Ashok made an overview on how the necessary conditions supporting the regeneration of life on this planet are increasingly at stake. The violation of 4 of the 9 planetary boundaries, important thresholds conducive to life according to scientists and the triggered sixth mass extinction are some descriptions to where we stand presently within the earth’s biological time.

How did we get into this mess?

“To understand the genesis of the ecological crisis, we need to go 400 years back when slavery spread through Africa,” went on Ashok. “The same political vision that has reduced everything including the components of nature into commodities, has led to the sale of human beings on the slave auction market of Pamplemousses, a region located in the north of Mauritius.

Mauritius island has had a late human settlement; this explains its high level of biodiversity endemism. Colonialism however, this philosophy of expropriation without any form of compensation, has not only de-humanised people, but has also looted nature. Mauritius was thus in the colonial era, a place highly coveted by imperial powers to enrich their native land.

Was the Left wrong?

The Woodstock generation against the war in Vietnam was highly visionary. “Were the Left wrong?” questioned Ashok “according to the IPCC, we have only 12 years left to make radical changes in the economic mode of production if we wish to avoid irreversible ecological damages”. The global south, even if they are not responsible for the cause of global warming, is the most impacted.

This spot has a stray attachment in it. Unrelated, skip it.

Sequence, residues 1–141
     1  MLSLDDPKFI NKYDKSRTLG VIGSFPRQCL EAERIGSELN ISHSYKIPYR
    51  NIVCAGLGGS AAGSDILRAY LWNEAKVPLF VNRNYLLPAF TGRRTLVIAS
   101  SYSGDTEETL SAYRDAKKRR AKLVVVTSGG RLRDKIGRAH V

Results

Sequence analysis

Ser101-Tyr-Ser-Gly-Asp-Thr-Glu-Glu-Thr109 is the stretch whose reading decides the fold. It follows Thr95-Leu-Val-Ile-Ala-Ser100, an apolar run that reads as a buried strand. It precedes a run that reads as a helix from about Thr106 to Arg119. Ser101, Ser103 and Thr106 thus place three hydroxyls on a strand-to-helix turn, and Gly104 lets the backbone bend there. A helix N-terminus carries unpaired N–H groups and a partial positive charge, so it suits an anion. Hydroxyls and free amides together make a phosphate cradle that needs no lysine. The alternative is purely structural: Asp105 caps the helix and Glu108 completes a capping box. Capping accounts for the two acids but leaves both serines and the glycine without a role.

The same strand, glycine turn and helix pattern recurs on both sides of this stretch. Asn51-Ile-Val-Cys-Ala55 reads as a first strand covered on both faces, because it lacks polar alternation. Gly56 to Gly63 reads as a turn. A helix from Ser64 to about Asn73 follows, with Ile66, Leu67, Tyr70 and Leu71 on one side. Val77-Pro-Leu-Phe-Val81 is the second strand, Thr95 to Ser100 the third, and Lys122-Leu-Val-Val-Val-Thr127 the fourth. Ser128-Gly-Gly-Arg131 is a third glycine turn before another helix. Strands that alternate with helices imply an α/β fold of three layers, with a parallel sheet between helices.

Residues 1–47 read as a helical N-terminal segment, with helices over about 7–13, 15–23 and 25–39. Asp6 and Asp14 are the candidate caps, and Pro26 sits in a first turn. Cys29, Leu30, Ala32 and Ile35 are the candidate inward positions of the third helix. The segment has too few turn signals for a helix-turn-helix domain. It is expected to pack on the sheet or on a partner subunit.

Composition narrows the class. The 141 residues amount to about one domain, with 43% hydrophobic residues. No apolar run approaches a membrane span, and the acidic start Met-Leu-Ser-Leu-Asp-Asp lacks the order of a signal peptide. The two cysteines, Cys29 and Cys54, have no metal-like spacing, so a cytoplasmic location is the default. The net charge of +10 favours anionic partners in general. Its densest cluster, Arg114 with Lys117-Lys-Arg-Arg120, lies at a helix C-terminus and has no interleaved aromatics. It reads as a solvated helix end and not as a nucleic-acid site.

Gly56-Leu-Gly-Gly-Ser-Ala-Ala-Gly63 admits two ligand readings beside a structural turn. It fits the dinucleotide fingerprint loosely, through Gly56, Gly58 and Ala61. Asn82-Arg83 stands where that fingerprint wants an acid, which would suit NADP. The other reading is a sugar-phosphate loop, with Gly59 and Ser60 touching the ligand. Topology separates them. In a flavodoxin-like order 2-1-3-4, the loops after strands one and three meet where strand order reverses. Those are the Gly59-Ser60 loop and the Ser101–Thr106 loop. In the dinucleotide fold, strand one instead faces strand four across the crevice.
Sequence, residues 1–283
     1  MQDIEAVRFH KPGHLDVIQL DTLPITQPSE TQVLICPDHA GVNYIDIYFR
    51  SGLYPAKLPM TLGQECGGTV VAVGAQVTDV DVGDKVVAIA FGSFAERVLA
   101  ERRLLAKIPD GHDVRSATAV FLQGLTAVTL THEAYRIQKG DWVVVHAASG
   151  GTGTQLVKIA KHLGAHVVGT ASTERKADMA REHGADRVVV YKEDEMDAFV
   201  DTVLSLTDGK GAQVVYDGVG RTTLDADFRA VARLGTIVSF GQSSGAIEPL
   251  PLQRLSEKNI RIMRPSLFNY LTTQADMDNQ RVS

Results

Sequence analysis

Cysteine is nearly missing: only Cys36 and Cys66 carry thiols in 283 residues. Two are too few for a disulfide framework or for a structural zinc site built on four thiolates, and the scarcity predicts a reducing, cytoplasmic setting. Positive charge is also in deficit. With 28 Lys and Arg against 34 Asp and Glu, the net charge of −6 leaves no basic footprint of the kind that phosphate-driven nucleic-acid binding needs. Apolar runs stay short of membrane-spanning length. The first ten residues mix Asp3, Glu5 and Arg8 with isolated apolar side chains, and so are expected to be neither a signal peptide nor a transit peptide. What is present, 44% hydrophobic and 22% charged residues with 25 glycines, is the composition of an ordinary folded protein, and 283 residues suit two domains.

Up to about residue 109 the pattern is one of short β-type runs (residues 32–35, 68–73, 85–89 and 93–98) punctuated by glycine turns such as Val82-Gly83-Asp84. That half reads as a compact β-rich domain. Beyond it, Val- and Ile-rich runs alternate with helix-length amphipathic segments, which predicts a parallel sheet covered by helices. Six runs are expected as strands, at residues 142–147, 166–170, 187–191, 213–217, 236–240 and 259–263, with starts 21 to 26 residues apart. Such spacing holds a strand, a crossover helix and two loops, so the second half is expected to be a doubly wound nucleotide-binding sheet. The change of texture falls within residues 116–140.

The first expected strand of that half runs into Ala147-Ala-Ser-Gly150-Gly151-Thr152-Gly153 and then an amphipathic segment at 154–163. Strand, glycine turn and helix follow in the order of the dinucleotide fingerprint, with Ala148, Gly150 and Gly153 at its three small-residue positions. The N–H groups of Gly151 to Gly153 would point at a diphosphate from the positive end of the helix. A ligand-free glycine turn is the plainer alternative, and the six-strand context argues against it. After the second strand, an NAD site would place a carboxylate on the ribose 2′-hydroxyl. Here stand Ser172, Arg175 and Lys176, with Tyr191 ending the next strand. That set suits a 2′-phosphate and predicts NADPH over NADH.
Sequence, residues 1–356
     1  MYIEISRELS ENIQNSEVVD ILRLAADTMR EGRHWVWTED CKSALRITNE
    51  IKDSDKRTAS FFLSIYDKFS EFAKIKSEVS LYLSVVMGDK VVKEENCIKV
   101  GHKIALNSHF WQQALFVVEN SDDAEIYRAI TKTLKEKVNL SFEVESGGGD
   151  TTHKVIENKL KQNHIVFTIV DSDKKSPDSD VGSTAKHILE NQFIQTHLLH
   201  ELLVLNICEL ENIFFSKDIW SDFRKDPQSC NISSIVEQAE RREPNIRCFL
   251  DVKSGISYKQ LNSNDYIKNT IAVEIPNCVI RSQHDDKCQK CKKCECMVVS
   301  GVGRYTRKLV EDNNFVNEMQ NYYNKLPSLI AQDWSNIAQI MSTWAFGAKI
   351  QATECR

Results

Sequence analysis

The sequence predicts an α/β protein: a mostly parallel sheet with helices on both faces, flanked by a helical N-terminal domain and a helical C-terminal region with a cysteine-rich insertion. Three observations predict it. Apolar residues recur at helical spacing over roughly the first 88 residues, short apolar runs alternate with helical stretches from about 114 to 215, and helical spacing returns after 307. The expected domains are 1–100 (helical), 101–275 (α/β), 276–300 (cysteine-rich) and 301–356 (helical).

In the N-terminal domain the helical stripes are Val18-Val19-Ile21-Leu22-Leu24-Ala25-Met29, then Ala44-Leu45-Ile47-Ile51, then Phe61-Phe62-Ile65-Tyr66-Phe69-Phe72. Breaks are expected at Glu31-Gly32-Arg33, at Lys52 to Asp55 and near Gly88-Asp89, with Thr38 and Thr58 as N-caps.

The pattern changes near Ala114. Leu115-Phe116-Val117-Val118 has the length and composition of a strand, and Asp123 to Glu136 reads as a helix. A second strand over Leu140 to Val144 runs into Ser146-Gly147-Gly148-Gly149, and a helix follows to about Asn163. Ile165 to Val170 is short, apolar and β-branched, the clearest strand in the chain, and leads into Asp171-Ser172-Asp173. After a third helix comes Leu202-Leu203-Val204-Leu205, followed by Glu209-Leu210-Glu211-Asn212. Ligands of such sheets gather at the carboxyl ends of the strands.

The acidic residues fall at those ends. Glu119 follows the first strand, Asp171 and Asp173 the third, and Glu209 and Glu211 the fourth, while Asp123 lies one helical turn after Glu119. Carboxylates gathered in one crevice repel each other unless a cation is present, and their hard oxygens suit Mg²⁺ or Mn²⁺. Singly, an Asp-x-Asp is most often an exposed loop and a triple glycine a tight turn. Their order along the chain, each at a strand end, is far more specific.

On another note, Africa for instance, still acting as a subsidizer to the economy of the global north through neo-colonial policies, has witnessed the atrocities of slavery, a primitive form of capitalism, without which the accumulation of wealth to enrich a few would have been impossible.

Where does the hope come from?

History taught us, however, that around the globe where colonialism took place, the culture of resistance has sprouted. In the case of Mauritius, Anna de Bengal, a brave woman forced into slavery during the Dutch colonial period, set fire in Fort Frederick Hendrik, a strong symbol of the colonial power at the time. “The banner of Che Guevera decorating this conference room symbolizes this struggle for liberation,” explained Ashok to the audience.

Where is the new hope?

“When I was younger, my mother told me to always take permission from a plant if I intend to pick its leaf after 6 pm,” narrated Ashok. “At that time, I was very scientific; I thought my mother was being irrational. I realized today, how enlightened she was.” All forms of lives are interconnected, and it is this intrinsic interconnectedness that makes life possible on earth. Paying respect to a plant is an act of recognition that a tree has inherent rights to exist and regenerate. “In this time of dire ecological crisis, we must put forward a movement in the defence of life,” continued Ashok.

On three occasions the beach grabbing protest movement, Aret Kokin Nu Laplaz has dismantled the iron fence surrounding Pomponette beach; three times this enclosure has been destroyed by waves. The dismay that this rising swell could reach further inland, has made us realize that the rise in sea level linked to climate change could have devastating effects on coastal communities.

Ashok concluded his speech by stating that the notion of the preservation life should be the central question in the forthcoming legislative election in Mauritius; the right for our children to have a future.


Reporter: Kashmira Banee